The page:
• Increases penalties for illegal aliens committing violent crimes.  If an illegal alien commits a felony crime of violence, he would be subject to a maximum penalty of 20 years.  If he commits a felony crime of violence after being ordered deported, he would face a maximum penalty of 30 years.
  • Increases penalties for criminal transfer of firearms for use in crimes of violence and drug trafficking.  This section increases the maximum penalty from 10 to 20 years if the seller knows that a gun he transfers will be used in a crime of violence or a drug trafficking crime.

Prevention and Intervention

  • Creates and provides assistance for “High Intensity” Interstate Gang Activity Areas (HIIGAA).   This legislation requires the Attorney General to designate certain locations as high intensity interstate gang activity areas, and provides assistance in the form of criminal street gang enforcement teams made up of local, state and federal law enforcement authorities to investigate and prosecute criminal street gangs in each high intensity interstate gang activity area. 
  • Authorizes funding of $500 million over five years to support HIIGAA activities, half of which would be used to promote prevention efforts.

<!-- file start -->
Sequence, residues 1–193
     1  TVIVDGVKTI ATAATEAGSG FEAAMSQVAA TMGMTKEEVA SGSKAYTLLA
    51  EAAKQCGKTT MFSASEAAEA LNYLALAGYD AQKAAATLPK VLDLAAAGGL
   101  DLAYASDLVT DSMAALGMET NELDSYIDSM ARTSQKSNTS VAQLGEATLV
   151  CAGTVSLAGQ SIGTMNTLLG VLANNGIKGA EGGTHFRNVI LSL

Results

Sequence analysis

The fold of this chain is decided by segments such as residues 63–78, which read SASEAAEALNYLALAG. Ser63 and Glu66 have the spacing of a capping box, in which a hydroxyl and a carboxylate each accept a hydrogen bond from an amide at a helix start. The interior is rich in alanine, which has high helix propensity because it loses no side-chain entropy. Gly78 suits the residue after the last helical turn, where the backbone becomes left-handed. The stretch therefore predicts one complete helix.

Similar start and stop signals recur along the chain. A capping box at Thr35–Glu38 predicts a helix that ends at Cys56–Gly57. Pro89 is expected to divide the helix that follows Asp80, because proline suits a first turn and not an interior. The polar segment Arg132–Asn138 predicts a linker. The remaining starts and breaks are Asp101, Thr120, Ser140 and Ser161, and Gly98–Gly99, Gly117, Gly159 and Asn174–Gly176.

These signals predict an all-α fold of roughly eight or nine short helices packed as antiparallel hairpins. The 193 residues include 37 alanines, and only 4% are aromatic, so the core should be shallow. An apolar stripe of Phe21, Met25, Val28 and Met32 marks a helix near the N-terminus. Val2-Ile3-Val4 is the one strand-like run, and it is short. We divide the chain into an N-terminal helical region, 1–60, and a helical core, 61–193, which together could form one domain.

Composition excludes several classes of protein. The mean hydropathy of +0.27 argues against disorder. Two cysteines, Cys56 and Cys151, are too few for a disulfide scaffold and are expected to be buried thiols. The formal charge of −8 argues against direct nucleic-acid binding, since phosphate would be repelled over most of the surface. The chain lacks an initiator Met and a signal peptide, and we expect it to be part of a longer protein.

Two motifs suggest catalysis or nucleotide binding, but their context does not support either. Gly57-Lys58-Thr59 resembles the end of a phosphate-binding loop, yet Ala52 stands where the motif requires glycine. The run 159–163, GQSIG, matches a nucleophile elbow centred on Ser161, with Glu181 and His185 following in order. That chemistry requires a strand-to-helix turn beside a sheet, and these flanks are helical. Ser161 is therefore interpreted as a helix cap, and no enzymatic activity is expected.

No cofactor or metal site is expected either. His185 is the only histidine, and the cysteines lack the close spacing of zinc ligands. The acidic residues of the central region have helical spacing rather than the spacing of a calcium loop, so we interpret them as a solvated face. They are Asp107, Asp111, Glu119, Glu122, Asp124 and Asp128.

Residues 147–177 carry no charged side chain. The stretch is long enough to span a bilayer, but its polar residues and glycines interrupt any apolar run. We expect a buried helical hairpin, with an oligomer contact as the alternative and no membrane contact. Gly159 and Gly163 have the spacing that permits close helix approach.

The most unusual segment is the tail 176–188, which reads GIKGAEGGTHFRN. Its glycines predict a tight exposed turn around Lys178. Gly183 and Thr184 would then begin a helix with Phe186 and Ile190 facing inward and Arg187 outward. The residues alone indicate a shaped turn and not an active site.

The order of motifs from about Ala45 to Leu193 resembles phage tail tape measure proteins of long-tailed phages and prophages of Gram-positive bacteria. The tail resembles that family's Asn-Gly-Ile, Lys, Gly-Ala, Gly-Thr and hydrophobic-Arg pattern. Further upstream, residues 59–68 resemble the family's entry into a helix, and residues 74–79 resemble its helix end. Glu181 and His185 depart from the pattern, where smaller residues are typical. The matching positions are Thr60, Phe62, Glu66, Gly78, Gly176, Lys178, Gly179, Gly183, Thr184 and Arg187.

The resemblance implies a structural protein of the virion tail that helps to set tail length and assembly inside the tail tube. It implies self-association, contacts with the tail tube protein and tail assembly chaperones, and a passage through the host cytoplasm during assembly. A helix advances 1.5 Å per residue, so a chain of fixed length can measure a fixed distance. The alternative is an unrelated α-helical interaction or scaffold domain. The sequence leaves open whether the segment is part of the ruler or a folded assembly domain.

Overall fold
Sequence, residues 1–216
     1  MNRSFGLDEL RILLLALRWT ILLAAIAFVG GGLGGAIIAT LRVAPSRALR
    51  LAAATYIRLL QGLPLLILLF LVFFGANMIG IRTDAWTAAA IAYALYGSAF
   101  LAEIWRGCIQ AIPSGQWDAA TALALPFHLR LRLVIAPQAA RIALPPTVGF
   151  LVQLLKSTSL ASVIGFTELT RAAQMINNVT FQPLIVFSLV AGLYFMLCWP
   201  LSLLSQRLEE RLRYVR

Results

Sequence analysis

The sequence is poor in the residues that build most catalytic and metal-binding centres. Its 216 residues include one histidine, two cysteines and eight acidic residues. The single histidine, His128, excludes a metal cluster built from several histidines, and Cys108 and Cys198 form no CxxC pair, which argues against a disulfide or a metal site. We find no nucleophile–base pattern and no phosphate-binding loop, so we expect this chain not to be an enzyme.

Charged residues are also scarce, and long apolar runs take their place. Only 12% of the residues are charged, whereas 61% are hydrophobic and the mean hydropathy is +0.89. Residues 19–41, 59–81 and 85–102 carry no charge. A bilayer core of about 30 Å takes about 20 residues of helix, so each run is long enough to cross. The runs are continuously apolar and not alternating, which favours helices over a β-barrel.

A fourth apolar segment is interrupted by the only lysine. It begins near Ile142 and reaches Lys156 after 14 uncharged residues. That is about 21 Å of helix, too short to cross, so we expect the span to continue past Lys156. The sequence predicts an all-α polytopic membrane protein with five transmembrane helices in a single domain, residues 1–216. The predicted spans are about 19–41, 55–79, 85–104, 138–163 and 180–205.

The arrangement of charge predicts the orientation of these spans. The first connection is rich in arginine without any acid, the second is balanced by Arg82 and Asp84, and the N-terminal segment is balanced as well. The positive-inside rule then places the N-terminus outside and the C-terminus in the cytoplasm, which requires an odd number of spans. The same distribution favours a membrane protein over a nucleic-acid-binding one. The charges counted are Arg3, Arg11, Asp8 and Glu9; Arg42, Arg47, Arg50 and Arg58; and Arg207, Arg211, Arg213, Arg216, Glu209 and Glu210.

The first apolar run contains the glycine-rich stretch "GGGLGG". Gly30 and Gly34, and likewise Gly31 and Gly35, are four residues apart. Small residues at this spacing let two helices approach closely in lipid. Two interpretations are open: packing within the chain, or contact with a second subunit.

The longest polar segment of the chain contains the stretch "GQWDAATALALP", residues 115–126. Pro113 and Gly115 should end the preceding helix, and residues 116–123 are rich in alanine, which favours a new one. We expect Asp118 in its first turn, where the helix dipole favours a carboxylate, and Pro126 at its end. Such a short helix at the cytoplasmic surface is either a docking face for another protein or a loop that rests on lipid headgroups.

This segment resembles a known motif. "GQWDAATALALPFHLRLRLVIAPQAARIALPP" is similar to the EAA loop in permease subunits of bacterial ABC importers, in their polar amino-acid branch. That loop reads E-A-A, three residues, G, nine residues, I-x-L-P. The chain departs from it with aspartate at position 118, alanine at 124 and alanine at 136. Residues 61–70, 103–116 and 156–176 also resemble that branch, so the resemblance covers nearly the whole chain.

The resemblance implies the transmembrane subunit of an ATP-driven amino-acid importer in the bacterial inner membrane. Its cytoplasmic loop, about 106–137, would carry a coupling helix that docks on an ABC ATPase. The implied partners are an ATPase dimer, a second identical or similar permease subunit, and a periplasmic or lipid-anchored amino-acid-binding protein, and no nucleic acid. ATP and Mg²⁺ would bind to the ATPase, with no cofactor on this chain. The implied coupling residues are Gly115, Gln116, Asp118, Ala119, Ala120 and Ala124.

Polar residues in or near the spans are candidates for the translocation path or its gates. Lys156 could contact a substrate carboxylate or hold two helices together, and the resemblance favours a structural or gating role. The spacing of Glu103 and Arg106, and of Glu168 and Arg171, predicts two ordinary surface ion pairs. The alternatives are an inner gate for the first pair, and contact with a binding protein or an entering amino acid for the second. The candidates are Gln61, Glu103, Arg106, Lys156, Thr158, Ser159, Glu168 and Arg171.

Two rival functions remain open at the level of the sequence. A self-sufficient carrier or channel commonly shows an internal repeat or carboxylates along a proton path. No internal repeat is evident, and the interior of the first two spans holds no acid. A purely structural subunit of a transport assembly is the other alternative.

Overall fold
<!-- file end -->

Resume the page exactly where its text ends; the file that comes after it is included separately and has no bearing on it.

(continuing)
• Local Schools, service providers and community and faith leaders with demonstrated success in fighting gangs, would be empowered to work collaboratively with law enforcement in a coordinated approach to fighting gangs, following the successful “Operation Ceasefire” model.
    • A national Research, Evaluation and Policy Institute would also be established to collect, analyze and teach “best practices” for fighting gang violence. 
    • One-half of these dollars – $250 million – will go to prevention and intervention programs.  This includes after-school programs and job-training directed toward gang prevention.
  • Authorizes $100 million over five years to expand the Justice Department’s Project Safe Neighborhood program, with an expansion of prosecutors and law enforcement agents focused on reducing violence and gun crimes by gang members.
  • Authorizes $50 million over five years for expansion of the FBI’s Safe Streets Program, to investigate and prosecute violent street gangs and criminals;
  • Authorizes $100 million over five years to expand crime control grants to state and local governments, so they can hire additional prosecutors, staff and improve technology as needed to bring more cases against gangs and violent criminals.
  • Authorizes an additional $270 million over three years for witness protection needs, including those of state and local prosecutors.

Related Files

  • Gov. Schwarzenegger supports Feinstein gang bill - 032007GangAbatementSenate.pdf (93.9 KBs)
    Governor Schwarzenegger endorses Feinstein gang legislation